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Musings on Retirement
by W. Lee Lewis

This is my response to the question: "What does a retiree do all day?"

I built a nice house on a lake about twelve years ago and called myself building additional space in the garage for a small workshop. Now there are two refrigerators in that space. My tools are gently rusting, and there is not enough space to do anything constructive anyway. So, I've got some tools but do absolutely nothing with them. I've got a highbrow Craftsman radial arm saw I bought from a friend several years ago that I've never used. It probably has a grand total of about two hours use since he sold it to me because it was too big for the space he anticipated using for his shop.

Okay, I live on a lake so I can go fishing any time I want. So, do I go fishing every day? Of course not. I live on a lake. I used to think going fishing was about fishing. It's not! It's about going. You gotta drive twenty miles away with all your "stuff" where there is nothing else you can do but fish. If you live on a lake there are entirely too many things you need to do, so you feel too guilty to actually go fishing.

I do all the grocery shopping since my wife hates the grocery store; that gets me out of the house and gives me an opportunity to check out all the rest of the shoppers. I have a large yard with lots of trees, bushes and flowers. That interests me. And I have even taken to planting trees at the Episcopal camp north of Canton, Mississippi. They have about 750 acres there and a nice conference center but have never had the money to plant the trees that need to be planted. So, I'm doing it. I pay for the trees and I plant them. That's a good deal since I do it by choice. If it was my job, it just wouldn't happen.

I play around with the harmonica and own quite a few of them. That provides me pleasure although I don't practice enough to say I actually play the damned things. Retirees really should consider a musical instrument to keep their time occupied. The harmonica is cheap and entertaining, and you can play it while driving. Hey, it's safer than those cell phones that every woman on the road has attached to her ear.

And I'm the treasurer at church and sing in the choir and take care of a lot of stuff I've planted there on the church lawn over the years. Incidentally, the vast majority of my personal relationships are through the church. It presents great social opportunities and allows you to pursue your own peculiarities if you are willing to be considered either eccentric or peculiar. I'm happy with either one.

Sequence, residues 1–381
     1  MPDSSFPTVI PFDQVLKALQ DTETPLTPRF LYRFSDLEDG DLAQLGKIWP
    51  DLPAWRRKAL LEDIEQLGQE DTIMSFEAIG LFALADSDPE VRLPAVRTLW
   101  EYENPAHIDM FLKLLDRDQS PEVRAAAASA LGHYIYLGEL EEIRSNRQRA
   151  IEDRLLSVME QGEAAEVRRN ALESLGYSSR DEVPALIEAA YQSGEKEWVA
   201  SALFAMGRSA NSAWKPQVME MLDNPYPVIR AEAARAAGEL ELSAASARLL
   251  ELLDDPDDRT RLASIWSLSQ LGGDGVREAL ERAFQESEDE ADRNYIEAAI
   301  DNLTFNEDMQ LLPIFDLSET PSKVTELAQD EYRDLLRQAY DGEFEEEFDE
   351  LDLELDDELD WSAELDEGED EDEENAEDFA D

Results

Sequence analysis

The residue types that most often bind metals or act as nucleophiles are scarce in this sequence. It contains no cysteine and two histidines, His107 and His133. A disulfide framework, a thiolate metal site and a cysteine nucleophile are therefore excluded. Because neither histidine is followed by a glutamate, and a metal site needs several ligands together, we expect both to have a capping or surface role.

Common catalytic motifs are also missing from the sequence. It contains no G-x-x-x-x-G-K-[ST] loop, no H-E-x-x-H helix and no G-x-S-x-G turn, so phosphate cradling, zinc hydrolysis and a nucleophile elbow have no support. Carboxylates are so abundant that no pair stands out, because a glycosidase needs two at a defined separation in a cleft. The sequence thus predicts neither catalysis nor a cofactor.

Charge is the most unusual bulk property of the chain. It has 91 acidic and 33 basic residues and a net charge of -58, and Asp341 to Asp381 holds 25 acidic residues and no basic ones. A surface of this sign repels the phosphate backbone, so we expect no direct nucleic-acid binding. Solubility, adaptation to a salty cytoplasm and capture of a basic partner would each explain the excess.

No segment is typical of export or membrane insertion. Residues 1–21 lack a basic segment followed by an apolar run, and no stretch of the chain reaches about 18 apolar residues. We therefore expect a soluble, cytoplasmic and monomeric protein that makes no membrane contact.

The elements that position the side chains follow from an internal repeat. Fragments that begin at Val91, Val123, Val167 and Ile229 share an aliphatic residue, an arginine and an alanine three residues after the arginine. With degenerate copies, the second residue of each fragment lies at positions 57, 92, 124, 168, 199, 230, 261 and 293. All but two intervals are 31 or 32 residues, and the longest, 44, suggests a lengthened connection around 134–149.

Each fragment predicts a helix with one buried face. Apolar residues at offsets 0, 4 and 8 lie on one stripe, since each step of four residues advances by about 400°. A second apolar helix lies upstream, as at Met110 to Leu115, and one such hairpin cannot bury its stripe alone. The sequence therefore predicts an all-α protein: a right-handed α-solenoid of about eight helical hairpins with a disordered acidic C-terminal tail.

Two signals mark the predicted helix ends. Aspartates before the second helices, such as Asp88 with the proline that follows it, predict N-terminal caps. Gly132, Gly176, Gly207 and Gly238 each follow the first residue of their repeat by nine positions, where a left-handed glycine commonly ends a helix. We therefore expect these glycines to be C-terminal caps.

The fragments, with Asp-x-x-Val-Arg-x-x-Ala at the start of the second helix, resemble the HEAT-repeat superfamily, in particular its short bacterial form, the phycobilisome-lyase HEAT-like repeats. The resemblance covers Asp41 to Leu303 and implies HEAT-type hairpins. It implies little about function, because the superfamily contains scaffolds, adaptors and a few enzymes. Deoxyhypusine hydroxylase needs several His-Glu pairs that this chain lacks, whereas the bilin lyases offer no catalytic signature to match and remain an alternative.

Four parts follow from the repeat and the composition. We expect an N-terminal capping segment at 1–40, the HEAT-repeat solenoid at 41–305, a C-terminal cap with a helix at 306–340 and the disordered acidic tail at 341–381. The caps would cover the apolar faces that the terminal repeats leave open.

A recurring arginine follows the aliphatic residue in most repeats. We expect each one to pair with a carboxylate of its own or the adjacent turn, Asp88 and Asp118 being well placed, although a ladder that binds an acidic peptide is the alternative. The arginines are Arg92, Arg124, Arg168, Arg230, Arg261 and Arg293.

I could never be bored because if I had to cease and desist suddenly from my current interests, I'd simply pick up a bunch of new things to do. Now, I do not wish to proclaim that I am motivated in some way to achieve great things. I'm one of the world's great procrastinators. Actually, I would rather claim that no activity can proceed without painstaking planning, so I am planning rather than procrastinating. And it pains me to admit this, but I am also lazy.

I do have a bit of the lust for wandering. There are so many places I would like to go, and there is no reason why I don't go there except that they require far too much planning. I really should be ashamed. I am trapped by inertia.

But, I must say, retirement is vastly superior to working for a living, and I love the opportunity to change directions on a dime. Now all I need to do is actually get off my ass and do the things I dream about and hunger for.

Fortunately, I have always enjoyed the anticipation about as much as the realization.


A native of the Mississippi Delta and graduate of Millsaps College, Lee Lewis now resides in Jackson, where he once worked in the insurance business and is now happily retired. He's the father of two and the husband of one.


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